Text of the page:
SA: Liberals 4.31 quotas, Labor 3.55, NXT 2.81, Greens 0.73, One Nation 0.39, Family First 0.36. There is a slight chance that Labor could lose the final seat on Liberal preferences, which go to Family First. However, the flow of Liberal preferences would need to be massive, and I do not think this will happen.
Tasmania: Labor 4.38 quotas, Liberals 4.23, Greens 1.43, Jacqui Lambie 1.07, One Nation 0.34. After being demoted to No. 6 and No. 5 on the Labor and Liberal tickets respectively, Lisa Singh and Richard Colbeck have won many below the line votes. There is a three-way contest for the final two seats between Labor, the Greens and the Liberals, and it currently looks as if Colbeck will miss out, while Singh will be elected from No. 6 on the Labor ticket.
Here is my likely Senate table. I have added a column for One Nation, and a Liberal Democrat win in Queensland is likely. I have kept the final seats in NSW and WA undecided, with NSW between the Liberal Democrats and Christian Democrats, and WA between the Greens and Nationals.
Senate system not to blame for One Nation success
In 1998 and 2001, when One Nation last rose, the vast majority of votes for parties other than One Nation went to the Coalition, Labor, the Greens and the Australian Democrats. It would have been damaging for any of these parties to do preference deals with One Nation, so that party was put last on all mainstream group voting tickets.
At the last two Senate elections, there has been a massive surge in the Others Senate vote. As many Others are micro parties, they are much more likely to deal with One Nation, especially if they thought they could benefit from One Nation preferences. The party base of a micro party is not large enough to worry about controversies from dealing with One Nation.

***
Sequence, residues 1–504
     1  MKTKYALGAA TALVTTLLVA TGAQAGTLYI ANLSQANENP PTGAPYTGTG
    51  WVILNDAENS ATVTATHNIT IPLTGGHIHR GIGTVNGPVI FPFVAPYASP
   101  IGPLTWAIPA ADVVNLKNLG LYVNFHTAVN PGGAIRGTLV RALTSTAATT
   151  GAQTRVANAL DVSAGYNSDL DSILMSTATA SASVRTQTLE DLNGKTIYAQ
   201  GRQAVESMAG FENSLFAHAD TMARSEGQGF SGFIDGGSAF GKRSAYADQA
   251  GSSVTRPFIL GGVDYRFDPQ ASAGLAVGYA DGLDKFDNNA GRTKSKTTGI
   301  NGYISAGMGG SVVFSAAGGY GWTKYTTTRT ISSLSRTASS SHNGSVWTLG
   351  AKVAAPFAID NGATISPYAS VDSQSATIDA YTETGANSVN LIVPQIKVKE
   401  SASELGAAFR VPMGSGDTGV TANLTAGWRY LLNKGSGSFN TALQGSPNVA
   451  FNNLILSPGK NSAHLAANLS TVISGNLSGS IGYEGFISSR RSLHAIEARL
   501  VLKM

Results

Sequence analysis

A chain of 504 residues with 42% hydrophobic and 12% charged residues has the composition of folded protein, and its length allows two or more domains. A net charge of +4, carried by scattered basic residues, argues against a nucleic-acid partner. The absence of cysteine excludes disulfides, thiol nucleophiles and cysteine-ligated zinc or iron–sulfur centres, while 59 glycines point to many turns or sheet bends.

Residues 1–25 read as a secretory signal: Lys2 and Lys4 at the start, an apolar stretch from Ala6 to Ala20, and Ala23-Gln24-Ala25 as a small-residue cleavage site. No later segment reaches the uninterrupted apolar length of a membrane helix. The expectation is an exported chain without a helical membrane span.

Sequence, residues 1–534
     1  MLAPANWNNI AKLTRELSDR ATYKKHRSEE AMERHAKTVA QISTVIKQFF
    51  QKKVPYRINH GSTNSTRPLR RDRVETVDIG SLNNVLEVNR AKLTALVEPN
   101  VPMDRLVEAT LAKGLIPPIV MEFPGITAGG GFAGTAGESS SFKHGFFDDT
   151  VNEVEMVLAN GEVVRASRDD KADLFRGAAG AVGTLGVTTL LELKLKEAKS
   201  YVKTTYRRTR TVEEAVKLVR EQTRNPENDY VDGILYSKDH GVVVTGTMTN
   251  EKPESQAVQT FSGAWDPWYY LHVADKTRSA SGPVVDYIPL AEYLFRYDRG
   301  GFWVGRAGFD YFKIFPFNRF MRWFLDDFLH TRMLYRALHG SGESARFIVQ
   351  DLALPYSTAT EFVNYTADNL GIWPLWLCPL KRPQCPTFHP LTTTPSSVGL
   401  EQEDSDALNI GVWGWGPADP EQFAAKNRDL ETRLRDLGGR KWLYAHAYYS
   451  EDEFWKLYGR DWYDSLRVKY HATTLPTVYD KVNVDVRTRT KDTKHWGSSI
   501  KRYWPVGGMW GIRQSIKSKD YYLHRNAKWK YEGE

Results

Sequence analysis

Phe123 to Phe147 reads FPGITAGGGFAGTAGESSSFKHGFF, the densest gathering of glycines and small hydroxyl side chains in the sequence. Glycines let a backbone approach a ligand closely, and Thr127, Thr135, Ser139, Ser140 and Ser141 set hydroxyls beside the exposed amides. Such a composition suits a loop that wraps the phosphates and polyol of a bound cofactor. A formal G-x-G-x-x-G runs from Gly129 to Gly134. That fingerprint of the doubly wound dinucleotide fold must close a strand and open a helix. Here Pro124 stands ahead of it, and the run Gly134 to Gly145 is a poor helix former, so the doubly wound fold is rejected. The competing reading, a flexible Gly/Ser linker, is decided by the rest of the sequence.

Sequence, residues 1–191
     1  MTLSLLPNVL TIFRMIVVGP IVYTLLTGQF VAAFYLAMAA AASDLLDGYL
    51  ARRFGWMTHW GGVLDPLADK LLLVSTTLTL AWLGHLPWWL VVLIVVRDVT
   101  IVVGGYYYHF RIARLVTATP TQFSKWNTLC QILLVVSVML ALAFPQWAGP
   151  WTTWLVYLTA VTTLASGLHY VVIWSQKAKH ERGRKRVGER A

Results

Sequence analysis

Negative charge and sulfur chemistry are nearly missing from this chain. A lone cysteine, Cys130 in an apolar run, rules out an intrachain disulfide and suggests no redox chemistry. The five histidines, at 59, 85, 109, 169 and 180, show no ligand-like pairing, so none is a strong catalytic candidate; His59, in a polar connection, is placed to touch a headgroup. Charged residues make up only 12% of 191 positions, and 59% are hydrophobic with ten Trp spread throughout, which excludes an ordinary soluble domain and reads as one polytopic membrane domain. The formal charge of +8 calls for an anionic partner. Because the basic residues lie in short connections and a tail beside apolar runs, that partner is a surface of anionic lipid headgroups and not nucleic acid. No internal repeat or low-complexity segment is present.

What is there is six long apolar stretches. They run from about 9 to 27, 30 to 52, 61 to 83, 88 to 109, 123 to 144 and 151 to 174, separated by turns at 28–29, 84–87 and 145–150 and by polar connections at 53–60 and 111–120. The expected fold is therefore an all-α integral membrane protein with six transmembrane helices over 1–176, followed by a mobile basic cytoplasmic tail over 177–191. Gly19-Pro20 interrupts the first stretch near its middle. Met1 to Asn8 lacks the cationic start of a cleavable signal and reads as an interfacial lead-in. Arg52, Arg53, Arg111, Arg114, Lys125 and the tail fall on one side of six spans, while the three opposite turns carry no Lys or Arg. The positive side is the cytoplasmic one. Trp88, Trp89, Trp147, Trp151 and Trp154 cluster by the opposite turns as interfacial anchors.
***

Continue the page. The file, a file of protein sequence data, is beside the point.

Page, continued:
Kevin Bonham has simulated the NSW 2013 Senate election under the old group voting ticket system, assuming there had been a double dissolution. He finds that Hanson would probably have won from just 1.2% of the primary vote.
Hanson herself would have very likely won even if a normal half-Senate election had been held. However, One Nation’s likely wins in NSW and WA would not have eventuated had a half-Senate quota been used. The double dissolution reduced the quota from 14.3% to 7.7%, and this helped One Nation.
Labor provisionally wins Herbert by 8 votes
With all votes counted, Labor leads in the Queensland seat of Herbert by just 8 votes out of almost 90,000 formal votes. A recount will start tomorrow, and is expected to take two weeks. The result following the recount could be challenged in court, but the winner will be seated until the courts decide.
If Labor holds on in Herbert, the Coalition will have a bare majority of 76 of 150 House seats, with Labor on 69 and 5 crossbenchers. After appointing the Speaker, the Coalition would have 75 of 149 votes on the floor, and Turnbull could be exposed to possible defections from the hard right.